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Queenless, move a queen cell over from TBH?

 
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Kit_McConnico
Foraging Bee


Joined: 03 Feb 2012
Posts: 124
Location: Houston, Texas, USA

PostPosted: Mon Apr 27, 2015 3:52 am    Post subject: Queenless, move a queen cell over from TBH? Reply with quote

My goal here is to keep this package that I installed into a new standard hive alive.

I installed a package into a brand new standard hive with foundation two weeks ago. A week ago I went back and the queen wasn't out of her cage yet so I direct released her. She walked in and onto a piece of foundation, everything looked peachy. Today I went back through twice and there's no sign of her, There is the beginning of a queen cell, and the bees are irritated. I'm 99% sure I'm queenless. The girls are packing the place with pollen and building out the comb. Everything looks like I'm set up for a thriving colony except no queen.

On the other hand my old trusty top bar hive is booming. It's bar after bar of capped brood. The queen is in there and easy to spot. I've been letting them requeen themselves for 3 years. And there are two supersede cells in there that are almost capped.

My local apiary doesn't have queens available until June, and honestly I'd rather requeen from the line in my TBH anyway. They have a good temperament, are survivors, and produce.

I'm weighing these options:

1. Cut one of the queen cells out of the TBH and crop it into the standard. This is my preferred plan.


if I'm wrong and there is a queen in there she'll likely kill the new queen, and I've done no harm to the new hive and the old queen stays in the old hive. However it means hoping she hatches, takes a mating flight, and makes it back.

2. Move the old queen from the TBH over to the standard and let the supercedure cells do their work to keep the TBH alive. I would think I would need to put her in a cage so they don't ball her up though. I don't like this idea as it involves handling her a lot. But it does mean a producing queen goes in right away.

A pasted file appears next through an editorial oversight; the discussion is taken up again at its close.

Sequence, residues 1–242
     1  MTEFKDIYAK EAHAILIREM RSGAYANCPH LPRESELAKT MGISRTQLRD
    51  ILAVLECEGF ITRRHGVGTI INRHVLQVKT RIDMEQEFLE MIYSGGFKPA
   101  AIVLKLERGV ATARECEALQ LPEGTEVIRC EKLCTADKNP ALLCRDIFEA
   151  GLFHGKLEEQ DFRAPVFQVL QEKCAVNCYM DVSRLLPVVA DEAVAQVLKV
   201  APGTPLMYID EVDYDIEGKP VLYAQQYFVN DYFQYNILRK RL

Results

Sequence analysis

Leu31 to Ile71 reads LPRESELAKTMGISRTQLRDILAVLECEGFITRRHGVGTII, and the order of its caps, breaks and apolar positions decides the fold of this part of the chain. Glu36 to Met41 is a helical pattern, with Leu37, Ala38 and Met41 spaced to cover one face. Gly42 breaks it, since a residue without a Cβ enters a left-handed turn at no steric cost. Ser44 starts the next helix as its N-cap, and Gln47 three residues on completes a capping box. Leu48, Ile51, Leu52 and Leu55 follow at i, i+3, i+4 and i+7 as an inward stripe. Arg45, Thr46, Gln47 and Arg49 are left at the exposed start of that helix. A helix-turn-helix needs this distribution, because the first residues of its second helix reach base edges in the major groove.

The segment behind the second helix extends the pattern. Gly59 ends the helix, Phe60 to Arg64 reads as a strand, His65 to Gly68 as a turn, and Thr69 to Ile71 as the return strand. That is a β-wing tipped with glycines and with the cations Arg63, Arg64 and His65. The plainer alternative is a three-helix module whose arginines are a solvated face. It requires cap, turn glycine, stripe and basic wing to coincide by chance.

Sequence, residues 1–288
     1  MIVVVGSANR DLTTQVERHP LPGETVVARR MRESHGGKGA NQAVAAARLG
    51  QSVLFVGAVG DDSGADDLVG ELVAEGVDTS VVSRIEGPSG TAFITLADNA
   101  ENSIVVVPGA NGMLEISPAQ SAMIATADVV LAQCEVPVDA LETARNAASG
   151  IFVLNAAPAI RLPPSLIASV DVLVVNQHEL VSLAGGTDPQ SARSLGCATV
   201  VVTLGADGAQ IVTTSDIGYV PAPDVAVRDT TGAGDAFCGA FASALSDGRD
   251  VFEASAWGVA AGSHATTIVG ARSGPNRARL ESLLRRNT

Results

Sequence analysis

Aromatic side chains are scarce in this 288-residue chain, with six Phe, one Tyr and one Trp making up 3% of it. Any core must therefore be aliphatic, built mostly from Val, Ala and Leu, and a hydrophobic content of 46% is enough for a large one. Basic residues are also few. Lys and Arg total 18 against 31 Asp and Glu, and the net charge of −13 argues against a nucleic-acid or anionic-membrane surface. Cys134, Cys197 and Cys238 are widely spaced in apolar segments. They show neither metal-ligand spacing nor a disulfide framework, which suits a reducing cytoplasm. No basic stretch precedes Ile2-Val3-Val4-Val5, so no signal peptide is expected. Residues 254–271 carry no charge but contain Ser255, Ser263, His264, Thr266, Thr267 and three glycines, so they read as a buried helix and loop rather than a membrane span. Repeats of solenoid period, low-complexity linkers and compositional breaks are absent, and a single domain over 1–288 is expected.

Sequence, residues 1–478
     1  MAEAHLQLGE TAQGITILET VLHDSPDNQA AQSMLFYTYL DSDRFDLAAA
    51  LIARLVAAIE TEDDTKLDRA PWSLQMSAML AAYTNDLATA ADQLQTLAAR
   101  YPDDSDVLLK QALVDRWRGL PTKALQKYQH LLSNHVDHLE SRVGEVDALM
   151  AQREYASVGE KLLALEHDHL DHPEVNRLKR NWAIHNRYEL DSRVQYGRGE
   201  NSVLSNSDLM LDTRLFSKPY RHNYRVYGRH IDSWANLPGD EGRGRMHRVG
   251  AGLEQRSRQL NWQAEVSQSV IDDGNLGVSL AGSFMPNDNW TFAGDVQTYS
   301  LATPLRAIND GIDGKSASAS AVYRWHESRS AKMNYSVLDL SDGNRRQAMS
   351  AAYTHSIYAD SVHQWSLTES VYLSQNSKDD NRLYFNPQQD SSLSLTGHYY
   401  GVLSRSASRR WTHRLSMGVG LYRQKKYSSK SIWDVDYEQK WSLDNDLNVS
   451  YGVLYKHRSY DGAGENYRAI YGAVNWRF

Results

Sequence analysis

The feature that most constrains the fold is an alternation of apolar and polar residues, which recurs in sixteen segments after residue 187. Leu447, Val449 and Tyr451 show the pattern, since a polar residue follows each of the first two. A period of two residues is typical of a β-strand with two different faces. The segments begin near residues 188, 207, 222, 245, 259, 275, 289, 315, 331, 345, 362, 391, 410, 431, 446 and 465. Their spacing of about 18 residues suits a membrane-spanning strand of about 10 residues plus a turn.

Any suggestions, pros/cons, or other ideas I haven't thought of? I'm open to all ideas.
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catchercradle
Golden Bee


Joined: 31 May 2010
Posts: 1487
Location: Cambridge, UK

PostPosted: Mon Apr 27, 2015 9:44 am    Post subject: Reply with quote

I would carefully cut out a sealed QC and wrap it in silver foi, leaving the end the queen will emerge from open use a strip of the foil to suspend it between two top bars, in such a way, it will not get squashed when you put the bars back in.

She should be accepted. My mentor here told me that this way tends to be more reliable than introducing an emerged queen.
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rmcpb
Scout Bee


Joined: 17 Jul 2011
Posts: 447
Location: Blue Mountains, NSW, Australia

PostPosted: Mon Apr 27, 2015 9:47 am    Post subject: Reply with quote

Moving the cells would be my preference.

Cheers
Rob.
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Barbara
Site Admin


Joined: 27 Jul 2011
Posts: 1569
Location: England/Co.Durham/Ebchester

PostPosted: Mon Apr 27, 2015 12:01 pm    Post subject: Reply with quote

I don't understand why you think the queen is not in the hive..... I'm assuming you didn't see any brood? You say there is the beginning of a queen cell, so surely there must be brood.... they won't build a queen cell without it. It is only a week since she was released, so the brood will be mostly very young and difficult to see, especially on pristine new comb. If they are packing in pollen then this is usually another indication that they are queen right. I would look again in another few days rather than risk messing them up by putting a queen cell in there that is not part of their plan.... especially if you protect it with foil so that it cannot be torn down by them if they don't want it.

Can you clarify what makes you think it's queenless or post photos?
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Dexter's shed
Scout Bee


Joined: 16 May 2014
Posts: 307
Location: Grays, Essex, UK

PostPosted: Mon Apr 27, 2015 2:38 pm    Post subject: Reply with quote

so the hive you think is queenless is a normal hive?
have you seen brood or larvae? eggs even,
as barbara says I would give it more time before swapping things around, do another check and see if you have BIAS, if so, then your queen is just hiding
if in the end your 100% sure it's Q- then just try adding a queen cell, forget the silver foil idea though

https://youtu.be/dRDccG2dyk4
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Kit_McConnico
Foraging Bee


Joined: 03 Feb 2012
Posts: 124
Location: Houston, Texas, USA

PostPosted: Mon Apr 27, 2015 5:50 pm    Post subject: Reply with quote

Thanks all for the replies.
I think it's queenless because I didn't see any brood or eggs. I also didn't see the queen. She's marked so pretty easy to spot. Also they seem agitated where my other hives just went about their business when I opened them yesterday.

I'll check again in a week and see what's going on and report back.

If I don't see signs of the queen in a week I'll probably still just wait another week.
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